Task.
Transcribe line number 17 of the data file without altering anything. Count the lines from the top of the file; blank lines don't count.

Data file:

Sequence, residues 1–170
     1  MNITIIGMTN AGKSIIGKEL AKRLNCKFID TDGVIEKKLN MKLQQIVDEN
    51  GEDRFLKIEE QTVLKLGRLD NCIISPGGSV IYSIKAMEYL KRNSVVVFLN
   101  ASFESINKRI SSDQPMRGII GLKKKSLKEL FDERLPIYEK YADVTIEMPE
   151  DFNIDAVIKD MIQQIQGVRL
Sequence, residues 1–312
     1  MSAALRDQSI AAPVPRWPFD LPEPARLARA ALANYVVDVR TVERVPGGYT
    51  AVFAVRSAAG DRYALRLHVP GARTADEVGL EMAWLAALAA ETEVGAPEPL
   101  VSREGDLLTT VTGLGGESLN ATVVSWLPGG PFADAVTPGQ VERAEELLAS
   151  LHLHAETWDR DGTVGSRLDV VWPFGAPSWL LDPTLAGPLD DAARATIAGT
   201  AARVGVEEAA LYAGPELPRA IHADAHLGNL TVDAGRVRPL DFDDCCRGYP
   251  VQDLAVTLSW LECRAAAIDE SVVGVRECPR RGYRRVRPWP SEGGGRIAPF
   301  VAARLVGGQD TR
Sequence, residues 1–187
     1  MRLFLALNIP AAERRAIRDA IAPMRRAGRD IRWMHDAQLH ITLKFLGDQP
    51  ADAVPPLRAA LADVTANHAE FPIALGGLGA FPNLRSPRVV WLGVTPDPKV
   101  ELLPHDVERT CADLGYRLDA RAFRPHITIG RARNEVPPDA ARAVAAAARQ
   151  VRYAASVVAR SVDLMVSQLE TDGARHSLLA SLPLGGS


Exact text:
   101  ELLPHDVERT CADLGYRLDA RAFRPHITIG RARNEVPPDA ARAVAAAARQ